Gentoo: Portage’s new --jobs feature

Yesterday, zmedico wrote about building multiple packages in parallel with Portage-2.2_rc2. In Gentoo Prefix, we had a sneak peak to this feature, so I have had some time to play with it on my dual-quad core box. Some timing results that you may like:

emerge -e system (excluding sys-devel/gcc)

As a baseline:

With --jobs=1 and MAKEOPTS=16, load-average=9:
real 77m54.290s
user 41m46.086s
sys 29m14.598s

Because I was skeptical of what --jobs could really do, I decided to start with small number of parallel jobs:

With --jobs=3, MAKEOPTS=16, load-average=9:
real 61m30.181s
user 42m23.398s
sys 32m32.009s

While that was running, I noticed a very significant amount of time where my cores were idle, thanks to the handy little xfce-extra/xfce4-cpugraph widget. So, I turned --jobs up again:

With --jobs=5, MAKEOPTS=16, load-average=9:
real 58m5.388s
user 42m35.721s
sys 34m46.950s

Meh, not much improvement there. Surprising, but I suspect that I may be reaching the limits of the parallelization (dependencies, etc).

With --jobs=10, MAKEOPTS=16, load-average=9:
real 58m9.824s
user 42m43.525s
sys 37m57.234s

(And actually, a quick visual scan showed load averages staying below 4. Only a few times did I see the average above 8 )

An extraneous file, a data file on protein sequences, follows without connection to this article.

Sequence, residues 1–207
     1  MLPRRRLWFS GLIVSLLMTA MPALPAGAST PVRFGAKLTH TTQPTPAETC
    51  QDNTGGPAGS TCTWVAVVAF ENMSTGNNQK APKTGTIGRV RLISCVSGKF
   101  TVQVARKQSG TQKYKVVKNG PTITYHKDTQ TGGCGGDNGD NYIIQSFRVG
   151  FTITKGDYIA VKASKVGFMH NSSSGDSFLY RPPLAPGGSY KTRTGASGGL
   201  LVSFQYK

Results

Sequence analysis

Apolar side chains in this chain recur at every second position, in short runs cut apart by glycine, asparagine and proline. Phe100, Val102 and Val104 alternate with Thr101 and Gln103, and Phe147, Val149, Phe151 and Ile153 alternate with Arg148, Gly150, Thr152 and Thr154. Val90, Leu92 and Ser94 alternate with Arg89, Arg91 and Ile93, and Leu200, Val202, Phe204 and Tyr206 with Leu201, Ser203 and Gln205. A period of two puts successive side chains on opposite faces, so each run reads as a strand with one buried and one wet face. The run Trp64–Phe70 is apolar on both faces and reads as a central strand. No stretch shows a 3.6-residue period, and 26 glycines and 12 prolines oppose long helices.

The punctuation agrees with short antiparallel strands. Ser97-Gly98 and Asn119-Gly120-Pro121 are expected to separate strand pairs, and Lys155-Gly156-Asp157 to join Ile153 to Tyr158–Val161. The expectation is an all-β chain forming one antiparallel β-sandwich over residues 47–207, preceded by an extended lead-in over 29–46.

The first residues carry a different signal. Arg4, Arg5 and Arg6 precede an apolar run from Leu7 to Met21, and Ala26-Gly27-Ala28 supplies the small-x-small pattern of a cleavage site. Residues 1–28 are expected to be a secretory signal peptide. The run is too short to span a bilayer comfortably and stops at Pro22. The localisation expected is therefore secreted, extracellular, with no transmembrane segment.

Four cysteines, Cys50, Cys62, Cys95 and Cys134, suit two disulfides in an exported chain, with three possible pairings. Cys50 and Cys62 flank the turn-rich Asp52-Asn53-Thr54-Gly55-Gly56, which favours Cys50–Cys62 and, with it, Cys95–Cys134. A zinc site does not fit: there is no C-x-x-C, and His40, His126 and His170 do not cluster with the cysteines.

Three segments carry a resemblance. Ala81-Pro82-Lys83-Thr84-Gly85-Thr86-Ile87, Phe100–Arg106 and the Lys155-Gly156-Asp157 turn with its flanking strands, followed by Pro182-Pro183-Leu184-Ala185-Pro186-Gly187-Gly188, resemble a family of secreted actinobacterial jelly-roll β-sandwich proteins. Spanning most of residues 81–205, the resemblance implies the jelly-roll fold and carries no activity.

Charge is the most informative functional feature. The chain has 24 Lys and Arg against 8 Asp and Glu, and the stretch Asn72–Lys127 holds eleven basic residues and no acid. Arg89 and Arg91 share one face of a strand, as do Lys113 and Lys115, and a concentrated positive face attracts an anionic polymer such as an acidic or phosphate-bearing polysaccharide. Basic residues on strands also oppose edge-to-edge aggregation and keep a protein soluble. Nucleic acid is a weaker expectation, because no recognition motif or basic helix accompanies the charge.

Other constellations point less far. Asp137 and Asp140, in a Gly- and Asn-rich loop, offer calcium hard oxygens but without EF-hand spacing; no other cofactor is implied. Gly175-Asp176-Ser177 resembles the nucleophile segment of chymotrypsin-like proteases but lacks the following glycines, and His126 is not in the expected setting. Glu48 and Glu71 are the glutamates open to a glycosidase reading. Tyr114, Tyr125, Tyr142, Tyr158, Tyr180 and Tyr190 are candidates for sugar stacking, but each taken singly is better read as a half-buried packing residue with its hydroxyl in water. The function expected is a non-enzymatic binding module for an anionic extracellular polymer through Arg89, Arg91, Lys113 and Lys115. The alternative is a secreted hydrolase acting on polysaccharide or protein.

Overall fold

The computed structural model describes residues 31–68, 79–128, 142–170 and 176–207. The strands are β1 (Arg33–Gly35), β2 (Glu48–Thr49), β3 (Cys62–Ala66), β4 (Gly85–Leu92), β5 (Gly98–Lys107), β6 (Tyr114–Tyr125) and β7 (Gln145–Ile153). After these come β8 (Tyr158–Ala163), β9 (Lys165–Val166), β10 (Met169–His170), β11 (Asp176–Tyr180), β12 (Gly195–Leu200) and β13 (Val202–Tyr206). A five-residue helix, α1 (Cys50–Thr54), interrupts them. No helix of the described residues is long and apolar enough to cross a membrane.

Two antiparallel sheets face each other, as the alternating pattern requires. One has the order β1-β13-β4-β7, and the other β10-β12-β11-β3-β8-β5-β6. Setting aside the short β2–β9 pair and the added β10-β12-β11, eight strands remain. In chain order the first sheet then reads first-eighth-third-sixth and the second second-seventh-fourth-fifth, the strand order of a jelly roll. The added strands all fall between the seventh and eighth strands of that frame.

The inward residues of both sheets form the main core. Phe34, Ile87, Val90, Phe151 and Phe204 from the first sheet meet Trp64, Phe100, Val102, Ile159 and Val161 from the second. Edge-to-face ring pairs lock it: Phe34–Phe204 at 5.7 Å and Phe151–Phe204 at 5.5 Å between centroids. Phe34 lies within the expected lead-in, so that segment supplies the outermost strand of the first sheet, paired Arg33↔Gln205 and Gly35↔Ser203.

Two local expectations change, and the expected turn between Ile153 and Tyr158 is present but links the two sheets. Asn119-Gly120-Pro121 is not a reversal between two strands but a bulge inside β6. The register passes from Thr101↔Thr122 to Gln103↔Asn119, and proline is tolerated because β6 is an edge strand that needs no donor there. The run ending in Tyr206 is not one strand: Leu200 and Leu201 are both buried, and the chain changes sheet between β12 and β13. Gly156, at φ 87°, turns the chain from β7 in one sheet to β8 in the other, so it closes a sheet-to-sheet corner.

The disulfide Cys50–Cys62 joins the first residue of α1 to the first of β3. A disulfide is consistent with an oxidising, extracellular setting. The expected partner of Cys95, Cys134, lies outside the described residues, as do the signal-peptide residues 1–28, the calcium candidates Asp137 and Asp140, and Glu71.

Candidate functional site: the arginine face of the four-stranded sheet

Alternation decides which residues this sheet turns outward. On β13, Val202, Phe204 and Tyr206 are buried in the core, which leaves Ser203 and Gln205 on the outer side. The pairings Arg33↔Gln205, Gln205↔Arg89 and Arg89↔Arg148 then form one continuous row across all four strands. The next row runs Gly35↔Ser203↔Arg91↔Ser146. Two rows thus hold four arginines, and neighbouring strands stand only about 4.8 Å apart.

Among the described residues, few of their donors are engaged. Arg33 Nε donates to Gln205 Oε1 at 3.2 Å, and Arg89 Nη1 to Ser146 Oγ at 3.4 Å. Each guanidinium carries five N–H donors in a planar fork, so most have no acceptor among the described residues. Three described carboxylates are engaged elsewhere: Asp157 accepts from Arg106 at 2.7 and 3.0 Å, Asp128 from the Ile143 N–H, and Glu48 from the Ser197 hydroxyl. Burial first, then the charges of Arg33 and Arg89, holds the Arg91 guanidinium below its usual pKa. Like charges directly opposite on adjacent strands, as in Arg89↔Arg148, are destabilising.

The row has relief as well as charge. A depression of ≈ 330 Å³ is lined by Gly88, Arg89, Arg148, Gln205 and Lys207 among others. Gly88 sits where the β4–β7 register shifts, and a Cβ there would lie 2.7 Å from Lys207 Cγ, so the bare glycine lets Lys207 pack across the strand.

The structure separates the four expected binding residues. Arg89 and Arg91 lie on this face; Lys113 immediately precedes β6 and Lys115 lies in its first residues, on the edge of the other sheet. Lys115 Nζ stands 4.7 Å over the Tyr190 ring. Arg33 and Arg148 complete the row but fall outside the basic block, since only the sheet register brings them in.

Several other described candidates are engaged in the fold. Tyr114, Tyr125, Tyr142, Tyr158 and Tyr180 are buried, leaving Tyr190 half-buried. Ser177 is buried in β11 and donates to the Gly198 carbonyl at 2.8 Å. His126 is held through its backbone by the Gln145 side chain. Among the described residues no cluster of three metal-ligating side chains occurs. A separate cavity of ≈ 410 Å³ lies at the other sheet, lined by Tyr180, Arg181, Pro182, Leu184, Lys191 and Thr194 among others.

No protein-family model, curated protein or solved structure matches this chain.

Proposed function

Relying solely on load-average to keep my system usable:

With --jobs=40, MAKEOPTS=40 load-average=15:
real 58m45.106s
user 43m15.129s
sys 40m47.949s

The highest load average I visually saw was 23. But my load average was mostly always greater than 4, so this means that my procs are obviously getting used more but I must have hit another bottleneck.

NOTES:
-emerge -pe system was preformed before each time trial to assume the depgraph was in cache.
-84 packages total
-no ccache/distcc running

Conclusion: 20 minutes? ~30% speedup. Wow. Good! Quite significant even. Assuming you have cores/procs to spare, go ahead and crank up those --jobs. It is nice to be able to make the ./configure step not be the bottleneck anymore. ;-) I will keep testing and see if I can get the time down even farther (although, unlikely based on the last time trial).

Test requests? Please leave a comment.

11 Responses to Gentoo: Portage’s new --jobs feature

  1. cynyr says:

    I was wondering how well the –jobs option handles build time dependencies, run time ones, and trying to keep the number of jobs up. It would seem that if a package’s tree was completely serial (every package is needed for the next) that –jobs does nothing to speed this up, and you would want makeopts=-j$(cores), but of something has 12 deps that can all be made at once you wouldn’t want each to have the same makeopts=-j$(cores). So can it balance the two cases?

  2. Duncan says:

    You don’t mention… how much memory do you have and where do you have PORTAGE_TMPDIR pointing? Is it per chance at a tmpfs or similar?

    I’ve found that makes a big difference here (not nearly your “toy”, but dual Opteron 290, so dual dual-core 2.8 GHz, 8 gig RAM, and a 4-way RAID (kernel/mdp RAID-6 for system and user data, mdp RAID-0 for PORTDIR and ccache, and 4-way striped swap).